A study of more than 1,000 motor vehicle accident survivors published in JNeurosci reveals a common variant in a gene involved in the stress response that increases vulnerability to developing chronic pain. Addressing the interaction between this genetic variant and post-traumatic stress may represent a supplemental or alternative to treatment with addictive opioids.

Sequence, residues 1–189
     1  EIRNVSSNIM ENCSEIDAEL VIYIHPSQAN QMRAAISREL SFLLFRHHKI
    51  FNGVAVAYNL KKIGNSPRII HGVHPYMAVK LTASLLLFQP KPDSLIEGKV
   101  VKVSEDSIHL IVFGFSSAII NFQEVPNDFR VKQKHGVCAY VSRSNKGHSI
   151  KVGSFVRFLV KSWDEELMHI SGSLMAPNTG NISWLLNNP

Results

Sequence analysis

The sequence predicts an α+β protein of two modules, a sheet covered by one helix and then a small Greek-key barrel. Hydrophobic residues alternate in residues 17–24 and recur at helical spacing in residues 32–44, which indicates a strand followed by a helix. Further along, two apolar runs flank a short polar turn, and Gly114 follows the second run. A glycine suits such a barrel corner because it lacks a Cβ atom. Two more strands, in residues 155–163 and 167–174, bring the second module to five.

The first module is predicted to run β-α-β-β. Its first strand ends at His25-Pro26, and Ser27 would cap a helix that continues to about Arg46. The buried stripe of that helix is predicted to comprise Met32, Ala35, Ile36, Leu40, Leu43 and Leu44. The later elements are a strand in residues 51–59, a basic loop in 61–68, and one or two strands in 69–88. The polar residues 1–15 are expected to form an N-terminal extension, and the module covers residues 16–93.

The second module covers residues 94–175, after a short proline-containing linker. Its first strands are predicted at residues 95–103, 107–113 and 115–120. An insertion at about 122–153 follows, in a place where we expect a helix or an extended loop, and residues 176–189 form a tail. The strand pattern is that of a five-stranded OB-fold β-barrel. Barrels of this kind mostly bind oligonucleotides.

Sarah Linnstaedt and colleagues conducted two prospective studies of European American and African American men and women admitted to the emergency room following a motor vehicle collision. In addition to genotyping these patients, the researchers assessed their distress immediately after the accident as well as their pain and post-traumatic stress symptoms six weeks later. Participants of both ethnicities with a particular variant in the gene FKBP5 reported more severe pain at follow up, which was related to their level of distress. Further analyses uncovered a molecular mechanism by which this variant increases FKBP5 expression and mediates its relationship with post-traumatic chronic pain.